In the fall of 1969, my parents decided to run away from home, taking our family to Ireland. Ostensibly, my mom wanted us away from the drugs epidemic in the San Francisco Bay Area while my dad was ready to launch his writing career.
In preparation, we got passports, took swimming lessons and bought clothes because apparently Ireland was covered in water and Irish clothes were impractical and entirely made of wool.
I was happy to go: it was an adventure, and as long as I had dad and Snoopy, we were good. Boo, my older sister, age nine, had other demands and was leaving behind her crush du jour and all her friends. Dad, in a desire to win her agreement, made one of his very rare parental mistakes and in hard fought negotiations, he promised Boo a purple pony when we arrived in Ireland.
Now, I thought the purple pony was funny. It was cute, even, a measure of dad’s desire to make her happy. But Boo who collected Breyer horses and even had the Appaloosa and the Palomino, probably believed she would soon be staring in the gentle violet eyes of her purple pony, lovingly brushing its forelock as I dragged buckets of warm mash to her own private mews.
Over the next few months and years, when the purple pony failed to materialize, I watched her ever-increasing disappointment and unhappiness and thought, “What an idiot; she of all people should know such ponies don’t exist.” And despite my incredulous expressions and generous eye rollings, she still expected my dad to make good on the impossible promise with the delivery of that equally impossible stead.
Through this and other events, I learned early that expectations are a quagmire of misery that should be eschewed, for nothing has a greater ability to make us unhappy.
How many times have you seen or heard of some Bridezilla who on her wedding day is ranting about the cake, the flowers or some such, as the family stands by watching their princess in meltdown as the groom quietly wonders, “What have I done?”
Do we DESERVE anything? Life is a giant and unexpectedly gift and when we expect something, especially of someone else, we trade proper celebration and gratitude for the hope for something even more. When you expect something of another person, you transfer control for your happiness to him. What if that person is some hapless fool who wishes you no ill and is incompetent to deliver nonetheless?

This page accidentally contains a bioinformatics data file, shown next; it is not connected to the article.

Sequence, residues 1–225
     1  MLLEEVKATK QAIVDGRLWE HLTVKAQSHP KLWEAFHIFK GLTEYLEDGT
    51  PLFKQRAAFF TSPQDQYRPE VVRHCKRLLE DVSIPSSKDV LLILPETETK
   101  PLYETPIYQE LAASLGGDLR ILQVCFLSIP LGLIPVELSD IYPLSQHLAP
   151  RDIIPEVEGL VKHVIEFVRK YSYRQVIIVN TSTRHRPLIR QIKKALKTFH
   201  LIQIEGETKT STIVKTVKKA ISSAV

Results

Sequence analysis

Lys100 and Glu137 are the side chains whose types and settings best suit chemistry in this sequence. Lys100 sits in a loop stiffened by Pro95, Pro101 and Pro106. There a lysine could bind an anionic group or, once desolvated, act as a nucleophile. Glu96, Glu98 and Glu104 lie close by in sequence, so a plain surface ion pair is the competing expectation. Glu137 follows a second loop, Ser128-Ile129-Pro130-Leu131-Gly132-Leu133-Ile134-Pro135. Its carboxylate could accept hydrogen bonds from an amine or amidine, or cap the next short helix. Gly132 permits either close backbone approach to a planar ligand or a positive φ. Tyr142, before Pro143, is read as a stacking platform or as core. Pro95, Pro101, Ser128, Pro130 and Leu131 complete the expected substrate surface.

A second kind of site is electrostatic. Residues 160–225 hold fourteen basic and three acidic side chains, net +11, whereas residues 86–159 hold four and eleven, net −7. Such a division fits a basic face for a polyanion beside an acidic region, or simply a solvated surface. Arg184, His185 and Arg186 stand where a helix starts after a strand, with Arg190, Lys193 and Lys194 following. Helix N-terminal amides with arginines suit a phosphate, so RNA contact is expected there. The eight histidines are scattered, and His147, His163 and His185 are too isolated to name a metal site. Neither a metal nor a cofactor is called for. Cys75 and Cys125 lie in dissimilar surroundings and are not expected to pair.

How does this boil down in real life? What if I am quietly going along in a relationship with you and, because you like me and want to keep me around, you attach expectations to me. Even though I am unaware of what is going on, by the very attachment of expectations, stated or otherwise, to another person, you have taken yourself out of the space where the conditions of your happiness reside in your control.
This is not to say that I take any issue with promises or vows. Those are different. When you give your word to another or to yourself, you must follow through or account for that failure; but where I would take issue with vows is when they allow expectations to run rampant, often fueled by one’s own unattended insecurity.
I learned to enjoy a lack of expectations through a game Dad devised and played with us on the lovely country lanes of Ireland. We would start in the car in our driveway. One of us kids would flip a coin, and heads meant turn left, while tails meant go right. We’d drive along like this for hours, never knowing exactly where we were headed, totally secure in the journey, not knowing if we’d end up in Dublin, Bray or Wicklow. This was a game of laughter and wonder, and it taught me to have high confidence in my ability to adapt while maintaining commensurate low expectations of exactly how life would unfold.
At this point in life, I don’t expect anything. My life is a moment-to-moment affair held in an easy and loving grip. I don’t “expect” anyone else to make me happy. I have few preconditions for satisfaction. I don’t have a clue where it is all going or how long it will last, and none of that makes me anxious or causes any concern. This is the true benefit of forestalling expectations: a peace of mind which comes in knowing you deserve nothing more than what you’ve had, and the realization that anything forthcoming is by largesse divine.